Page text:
Identify and describe the issues and thought process that led you to consider and purchase your first pharmacy, and the implementation of your online pharmacy.
It has become clear to me over many years that while community pharmacists dream of working differently, the reality is that as soon as we walk into our pharmacy, we are at the beck and call of our customers. We start the day, week, or year with innovative and enthusiastic plans and then simply spend our day with our head down and “bum-up” dealing with our patients’ day-to-day issues. Unlike almost every other profession, we take little control over our workplace—we are reactive rather than proactive.
For many years I dreamt of the pharmacy profession evolving to work differently. In a moment of frustration, I decided that if the profession wouldn’t change, I should establish a team and create a pharmacy environment where they could serve as leaders within the profession. I persuaded a group of my academic colleagues at the School of Pharmacy, University of Otago, to throw in some money so that we could purchase a pharmacy that I would manage.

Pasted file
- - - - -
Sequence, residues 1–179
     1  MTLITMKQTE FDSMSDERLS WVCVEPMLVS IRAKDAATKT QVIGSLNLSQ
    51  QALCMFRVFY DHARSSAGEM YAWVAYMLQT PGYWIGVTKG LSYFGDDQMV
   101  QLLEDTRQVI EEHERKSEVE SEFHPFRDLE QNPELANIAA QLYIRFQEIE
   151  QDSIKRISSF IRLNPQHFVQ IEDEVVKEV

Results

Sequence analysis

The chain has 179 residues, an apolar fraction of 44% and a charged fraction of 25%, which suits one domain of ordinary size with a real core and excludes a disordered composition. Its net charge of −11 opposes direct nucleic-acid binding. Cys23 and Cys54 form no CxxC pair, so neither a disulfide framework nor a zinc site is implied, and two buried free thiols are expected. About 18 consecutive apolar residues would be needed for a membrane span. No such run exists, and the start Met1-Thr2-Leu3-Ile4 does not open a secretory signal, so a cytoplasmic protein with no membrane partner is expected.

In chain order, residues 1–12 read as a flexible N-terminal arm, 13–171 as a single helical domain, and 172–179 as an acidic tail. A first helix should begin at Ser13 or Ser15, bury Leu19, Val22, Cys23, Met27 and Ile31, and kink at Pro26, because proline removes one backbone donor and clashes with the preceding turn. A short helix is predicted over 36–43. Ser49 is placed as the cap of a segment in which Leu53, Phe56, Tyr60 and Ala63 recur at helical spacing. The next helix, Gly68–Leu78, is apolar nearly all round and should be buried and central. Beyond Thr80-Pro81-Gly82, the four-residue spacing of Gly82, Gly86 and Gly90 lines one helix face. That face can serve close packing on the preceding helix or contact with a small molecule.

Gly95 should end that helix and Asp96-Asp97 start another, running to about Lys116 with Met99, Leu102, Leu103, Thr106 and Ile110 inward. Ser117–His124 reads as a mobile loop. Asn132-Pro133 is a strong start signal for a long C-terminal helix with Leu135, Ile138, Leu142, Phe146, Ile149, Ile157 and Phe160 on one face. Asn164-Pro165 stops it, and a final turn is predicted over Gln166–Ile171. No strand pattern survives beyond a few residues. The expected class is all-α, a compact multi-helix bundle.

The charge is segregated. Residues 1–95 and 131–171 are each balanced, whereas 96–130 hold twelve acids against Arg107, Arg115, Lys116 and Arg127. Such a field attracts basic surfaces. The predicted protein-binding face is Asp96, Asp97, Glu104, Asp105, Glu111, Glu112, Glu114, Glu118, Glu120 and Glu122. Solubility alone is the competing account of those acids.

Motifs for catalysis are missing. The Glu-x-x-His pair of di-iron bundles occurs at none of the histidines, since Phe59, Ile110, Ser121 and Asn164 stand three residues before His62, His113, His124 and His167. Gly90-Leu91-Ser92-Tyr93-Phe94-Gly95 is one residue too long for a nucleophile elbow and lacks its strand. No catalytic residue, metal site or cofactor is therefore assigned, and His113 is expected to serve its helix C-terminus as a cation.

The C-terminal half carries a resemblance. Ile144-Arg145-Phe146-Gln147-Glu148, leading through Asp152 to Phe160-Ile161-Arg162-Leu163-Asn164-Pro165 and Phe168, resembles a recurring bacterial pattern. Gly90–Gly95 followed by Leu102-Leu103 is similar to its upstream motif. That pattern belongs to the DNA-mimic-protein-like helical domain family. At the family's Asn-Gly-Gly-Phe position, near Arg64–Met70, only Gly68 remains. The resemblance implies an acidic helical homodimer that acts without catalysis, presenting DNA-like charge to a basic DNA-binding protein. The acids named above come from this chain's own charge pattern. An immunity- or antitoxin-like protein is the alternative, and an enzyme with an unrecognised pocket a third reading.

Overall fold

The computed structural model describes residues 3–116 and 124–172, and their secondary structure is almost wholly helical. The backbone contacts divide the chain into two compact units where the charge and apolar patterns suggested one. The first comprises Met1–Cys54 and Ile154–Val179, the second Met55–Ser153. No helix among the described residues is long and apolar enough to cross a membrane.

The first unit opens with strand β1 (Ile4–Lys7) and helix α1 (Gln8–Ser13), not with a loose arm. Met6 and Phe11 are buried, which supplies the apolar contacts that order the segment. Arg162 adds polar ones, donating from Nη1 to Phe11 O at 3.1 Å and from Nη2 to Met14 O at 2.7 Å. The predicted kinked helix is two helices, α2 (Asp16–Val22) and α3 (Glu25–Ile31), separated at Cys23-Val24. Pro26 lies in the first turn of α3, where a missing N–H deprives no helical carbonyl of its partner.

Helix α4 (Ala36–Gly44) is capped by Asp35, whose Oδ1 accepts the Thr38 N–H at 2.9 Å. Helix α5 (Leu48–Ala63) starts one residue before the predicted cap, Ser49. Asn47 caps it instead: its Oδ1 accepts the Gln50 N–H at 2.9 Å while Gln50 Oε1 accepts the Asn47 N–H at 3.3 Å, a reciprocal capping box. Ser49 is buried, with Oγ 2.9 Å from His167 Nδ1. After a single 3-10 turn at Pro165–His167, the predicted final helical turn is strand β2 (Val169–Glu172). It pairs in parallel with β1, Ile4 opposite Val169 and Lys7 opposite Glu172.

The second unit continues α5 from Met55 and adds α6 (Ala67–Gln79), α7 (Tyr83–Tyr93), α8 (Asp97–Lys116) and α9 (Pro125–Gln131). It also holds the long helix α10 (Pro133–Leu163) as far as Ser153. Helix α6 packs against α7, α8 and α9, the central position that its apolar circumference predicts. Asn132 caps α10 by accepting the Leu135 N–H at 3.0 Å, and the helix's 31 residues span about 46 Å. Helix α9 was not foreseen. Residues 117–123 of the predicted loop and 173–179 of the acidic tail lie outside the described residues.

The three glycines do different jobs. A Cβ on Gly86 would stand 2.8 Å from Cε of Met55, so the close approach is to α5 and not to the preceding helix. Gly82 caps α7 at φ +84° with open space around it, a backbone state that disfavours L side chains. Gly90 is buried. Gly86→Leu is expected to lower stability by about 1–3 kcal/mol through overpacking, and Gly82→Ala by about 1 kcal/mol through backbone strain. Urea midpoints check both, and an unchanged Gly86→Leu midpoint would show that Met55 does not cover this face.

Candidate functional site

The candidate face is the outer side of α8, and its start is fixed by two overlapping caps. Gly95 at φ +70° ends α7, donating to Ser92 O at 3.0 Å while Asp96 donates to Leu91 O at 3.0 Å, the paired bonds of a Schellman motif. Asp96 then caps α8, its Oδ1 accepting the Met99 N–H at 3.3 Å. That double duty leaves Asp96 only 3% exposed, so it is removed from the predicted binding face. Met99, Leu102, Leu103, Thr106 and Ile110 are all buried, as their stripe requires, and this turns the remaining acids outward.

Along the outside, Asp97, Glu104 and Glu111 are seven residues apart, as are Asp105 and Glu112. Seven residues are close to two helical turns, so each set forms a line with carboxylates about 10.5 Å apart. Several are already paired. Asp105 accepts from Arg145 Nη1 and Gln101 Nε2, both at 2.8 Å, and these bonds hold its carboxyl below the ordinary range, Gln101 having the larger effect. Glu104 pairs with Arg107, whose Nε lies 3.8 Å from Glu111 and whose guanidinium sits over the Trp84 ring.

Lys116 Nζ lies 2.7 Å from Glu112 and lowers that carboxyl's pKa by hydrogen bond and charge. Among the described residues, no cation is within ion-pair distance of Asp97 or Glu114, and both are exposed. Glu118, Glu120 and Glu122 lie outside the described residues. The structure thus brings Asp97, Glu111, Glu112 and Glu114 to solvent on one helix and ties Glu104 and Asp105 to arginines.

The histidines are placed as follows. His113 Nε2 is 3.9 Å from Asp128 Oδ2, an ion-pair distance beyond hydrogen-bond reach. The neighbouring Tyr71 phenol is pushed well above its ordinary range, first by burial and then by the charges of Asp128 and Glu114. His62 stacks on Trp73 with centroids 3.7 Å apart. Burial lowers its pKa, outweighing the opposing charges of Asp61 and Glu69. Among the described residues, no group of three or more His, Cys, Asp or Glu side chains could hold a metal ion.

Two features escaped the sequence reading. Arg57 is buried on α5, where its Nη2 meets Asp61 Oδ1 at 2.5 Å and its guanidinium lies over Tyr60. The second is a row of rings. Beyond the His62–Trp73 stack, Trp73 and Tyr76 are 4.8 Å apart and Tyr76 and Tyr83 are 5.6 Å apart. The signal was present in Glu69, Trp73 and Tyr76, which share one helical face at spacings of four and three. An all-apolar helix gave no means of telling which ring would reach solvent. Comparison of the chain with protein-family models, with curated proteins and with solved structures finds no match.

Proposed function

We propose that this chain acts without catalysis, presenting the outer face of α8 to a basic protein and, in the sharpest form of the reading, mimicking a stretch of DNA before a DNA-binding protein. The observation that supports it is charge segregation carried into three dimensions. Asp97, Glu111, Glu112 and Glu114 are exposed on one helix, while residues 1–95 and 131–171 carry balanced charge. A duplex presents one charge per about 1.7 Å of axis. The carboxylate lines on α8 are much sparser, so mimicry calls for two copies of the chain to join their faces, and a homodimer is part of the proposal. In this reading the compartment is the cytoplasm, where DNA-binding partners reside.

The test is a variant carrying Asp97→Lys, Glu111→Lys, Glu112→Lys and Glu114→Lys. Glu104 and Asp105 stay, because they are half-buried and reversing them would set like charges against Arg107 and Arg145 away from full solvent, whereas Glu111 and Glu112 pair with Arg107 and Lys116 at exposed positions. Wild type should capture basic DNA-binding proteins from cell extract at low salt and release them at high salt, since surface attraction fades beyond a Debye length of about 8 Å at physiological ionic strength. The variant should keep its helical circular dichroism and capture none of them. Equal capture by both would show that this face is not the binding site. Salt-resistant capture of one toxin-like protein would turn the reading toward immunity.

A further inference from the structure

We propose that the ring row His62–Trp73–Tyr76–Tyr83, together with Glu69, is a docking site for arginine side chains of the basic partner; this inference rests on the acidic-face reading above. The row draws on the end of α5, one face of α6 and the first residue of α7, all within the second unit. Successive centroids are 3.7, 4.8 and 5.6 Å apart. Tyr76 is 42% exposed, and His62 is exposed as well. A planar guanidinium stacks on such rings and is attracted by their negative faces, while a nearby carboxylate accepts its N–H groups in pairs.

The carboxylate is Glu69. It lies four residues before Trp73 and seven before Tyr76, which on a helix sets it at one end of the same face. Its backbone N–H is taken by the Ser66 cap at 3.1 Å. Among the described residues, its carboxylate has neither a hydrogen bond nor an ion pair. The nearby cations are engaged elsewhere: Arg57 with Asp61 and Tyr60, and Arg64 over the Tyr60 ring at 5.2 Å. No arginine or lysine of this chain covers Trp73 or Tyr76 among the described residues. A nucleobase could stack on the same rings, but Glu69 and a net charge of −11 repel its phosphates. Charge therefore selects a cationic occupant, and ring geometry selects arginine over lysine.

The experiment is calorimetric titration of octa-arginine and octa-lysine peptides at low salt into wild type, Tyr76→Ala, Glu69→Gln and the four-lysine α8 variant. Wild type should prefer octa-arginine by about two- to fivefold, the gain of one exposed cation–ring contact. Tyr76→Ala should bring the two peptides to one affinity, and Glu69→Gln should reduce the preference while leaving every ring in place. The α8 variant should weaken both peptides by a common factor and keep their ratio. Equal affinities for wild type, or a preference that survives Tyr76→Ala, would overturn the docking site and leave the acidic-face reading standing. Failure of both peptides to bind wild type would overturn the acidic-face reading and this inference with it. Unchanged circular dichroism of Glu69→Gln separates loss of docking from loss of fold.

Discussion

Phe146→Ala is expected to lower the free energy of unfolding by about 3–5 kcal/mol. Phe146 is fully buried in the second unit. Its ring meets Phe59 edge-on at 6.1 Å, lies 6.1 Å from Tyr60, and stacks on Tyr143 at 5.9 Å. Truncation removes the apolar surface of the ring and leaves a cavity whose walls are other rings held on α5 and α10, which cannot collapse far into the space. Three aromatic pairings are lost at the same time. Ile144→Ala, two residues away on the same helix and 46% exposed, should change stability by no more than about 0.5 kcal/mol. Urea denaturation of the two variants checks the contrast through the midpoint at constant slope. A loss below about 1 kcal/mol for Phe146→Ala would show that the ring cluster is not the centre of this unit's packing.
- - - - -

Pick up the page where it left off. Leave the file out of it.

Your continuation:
Having bought the pharmacy, I decided that we needed a marketing campaign. The “experts” wouldn’t or couldn’t create what I wanted so I decided I would write my own material and voice it. A local radio station suggested we broadcast a 30 minute, live radio show each week, and so the Radio Pharmacist (http://www.radiopharmacist.co.nz) was born. The program delivers authoritative health information in a simple manner and covers a broad range of topics including head lice, migraines, cholesterol, melatonin, and many others. Radio remains a powerful vehicle; I have become well known as the Radio Pharmacist and established a strong listening audience.